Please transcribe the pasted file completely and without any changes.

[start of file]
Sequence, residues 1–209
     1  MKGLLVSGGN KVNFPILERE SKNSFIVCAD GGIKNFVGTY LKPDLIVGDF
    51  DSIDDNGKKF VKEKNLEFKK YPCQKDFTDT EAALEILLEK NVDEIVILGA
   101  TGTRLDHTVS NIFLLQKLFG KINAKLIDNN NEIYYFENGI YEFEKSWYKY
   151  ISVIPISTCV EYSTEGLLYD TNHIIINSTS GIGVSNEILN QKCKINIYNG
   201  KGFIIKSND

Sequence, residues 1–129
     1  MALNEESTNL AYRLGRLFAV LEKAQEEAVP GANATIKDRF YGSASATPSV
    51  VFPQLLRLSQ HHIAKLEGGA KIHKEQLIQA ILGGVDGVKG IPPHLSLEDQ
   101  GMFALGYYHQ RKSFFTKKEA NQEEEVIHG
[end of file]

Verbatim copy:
Sequence, residues 1–209
     1  MKGLLVSGGN KVNFPILERE SKNSFIVCAD GGIKNFVGTY LKPDLIVGDF
    51  DSIDDNGKKF VKEKNLEFKK YPCQKDFTDT EAALEILLEK NVDEIVILGA
   101  TGTRLDHTVS NIFLLQKLFG KINAKLIDNN NEIYYFENGI YEFEKSWYKY
   151  ISVIPISTCV EYSTEGLLYD TNHIIINSTS GIGVSNEILN QKCKINIYNG
   201  KGFIIKSND

Sequence, residues 1–129
     1  MALNEESTNL AYRLGRLFAV LEKAQEEAVP GANATIKDRF YGSASATPSV
    51  VFPQLLRLSQ HHIAKLEGGA KIHKEQLIQA ILGGVDGVKG IPPHLSLEDQ
   101  GMFALGYYHQ RKSFFTKKEA NQEEEVIHG